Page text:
Finding out that your child has been sexually abused is one of the most horrifying events for a parent. There are many things you can do as a parent to help your child in the occurence of such circumstances.
Teaching a child what is inappropriate behavior from another person
First, identify private parts of the body to your child and tell him or her it is not acceptable for another person to touch private parts without the child's permission. One of the easiest ways to explain to young children the areas which are their private parts, is what is covered by a swimsuit. Sometimes an explanation that a doctor may examine them is important, but also emphasize that a parent will be present when that would happen.
Encourage the child to let you know if someone touches inappropriately or makes him or her feel uncomfortable, scared or threatened in any way. Give the child suggestions of more than one person who she or he should inform about what happened.
If a child notifies the first person that is suggested and that person does nothing, the child will often not tell another person. Advise the child to keep on telling until someone does something about it. Emphasize the importance of letting an adult know about what happened. Explain that reasons to tell are to get help for the child and to protect other children so that the abuser doesn't hurt anyone else.
Remind children not to keep secrets about touching or secrets that make them feel bad--no matter what the other person says. Often an abuser will tell the child that something bad will happen if he or she informs anyone of what is happening. The abuser may advise the child that if he or she tells, the child will be taken away from the parents and the abuser will go to jail, and it will be the child's fault. This is powerful influence to ensure a child's silence.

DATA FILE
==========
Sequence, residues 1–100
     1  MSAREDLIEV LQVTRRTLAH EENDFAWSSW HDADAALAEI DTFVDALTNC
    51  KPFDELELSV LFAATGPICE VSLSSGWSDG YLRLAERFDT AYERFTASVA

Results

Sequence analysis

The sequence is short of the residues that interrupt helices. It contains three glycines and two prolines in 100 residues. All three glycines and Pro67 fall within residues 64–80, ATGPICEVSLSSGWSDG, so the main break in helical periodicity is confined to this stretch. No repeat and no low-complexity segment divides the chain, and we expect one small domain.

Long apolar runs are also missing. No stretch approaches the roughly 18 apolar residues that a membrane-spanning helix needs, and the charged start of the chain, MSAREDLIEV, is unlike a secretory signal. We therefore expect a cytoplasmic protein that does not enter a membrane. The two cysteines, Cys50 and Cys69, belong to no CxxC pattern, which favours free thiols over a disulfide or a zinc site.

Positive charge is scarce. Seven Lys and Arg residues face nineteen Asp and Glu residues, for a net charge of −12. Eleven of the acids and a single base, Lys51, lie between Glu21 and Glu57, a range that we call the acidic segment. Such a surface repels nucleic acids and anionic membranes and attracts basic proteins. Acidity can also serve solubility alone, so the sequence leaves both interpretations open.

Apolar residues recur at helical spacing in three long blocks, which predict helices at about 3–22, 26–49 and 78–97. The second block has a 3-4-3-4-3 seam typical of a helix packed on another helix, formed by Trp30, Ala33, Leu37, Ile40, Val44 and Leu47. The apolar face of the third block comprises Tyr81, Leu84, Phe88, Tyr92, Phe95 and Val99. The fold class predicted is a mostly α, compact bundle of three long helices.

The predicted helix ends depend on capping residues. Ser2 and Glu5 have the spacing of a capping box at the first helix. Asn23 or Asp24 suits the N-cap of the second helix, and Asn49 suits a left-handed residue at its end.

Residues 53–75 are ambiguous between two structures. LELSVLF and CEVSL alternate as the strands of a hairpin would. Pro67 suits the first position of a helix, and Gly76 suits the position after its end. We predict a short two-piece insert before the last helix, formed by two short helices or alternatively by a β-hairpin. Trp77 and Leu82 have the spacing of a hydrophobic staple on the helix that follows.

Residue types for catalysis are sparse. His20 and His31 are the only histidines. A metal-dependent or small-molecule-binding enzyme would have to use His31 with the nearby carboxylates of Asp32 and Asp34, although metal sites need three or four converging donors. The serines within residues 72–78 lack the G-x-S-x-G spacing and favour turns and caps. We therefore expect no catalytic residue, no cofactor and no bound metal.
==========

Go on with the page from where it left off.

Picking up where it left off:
And be aware that children are far more apt to be molested by someone they know, than they are by a stranger. So as a parent, be aware of where your children are at and who is around them.
Advise your children not to go with anyone or to get into a vehicle with someone they don't know, even if the stranger is nice, has something the child wants, or if the stranger says he or she needs help. Let the child know that strangers should not be asking children for help.
Teach children easy-to-remember phrases, such as "If you don't know, don't go."
While in a public place, if a stranger tries to entice a child to go with him or her, teach the child to scream and say, "You are not my mother (or father)," and then run away and to run back to the adult they are with and tell the adult what happened. People are not overly alarmed by a screaming child who might be having a tantrum, but will pay attention to a child making a statement that the person grabbing them isn't a parent.
If the child is alone and approached, he or she should run to his or her home, a neighbor's house, or a nearby store or gas station where there are other people around to tell what happened.
It becomes especially important to monitor your children as they begin to enter late elementary and middle school ages. All internet activities should be supervised, including what they are writing on instant messaging and in e-mails. Web pages such as My Space and Facebook, and other similar sites also need close attention. The computer should not be in the child's bedroom, but rather in a place in the house that is open and available for all to see. Sexual predators have found the internet a prime source of contact with children and are powerful persuaders in getting a child to do something he or she would not normally do.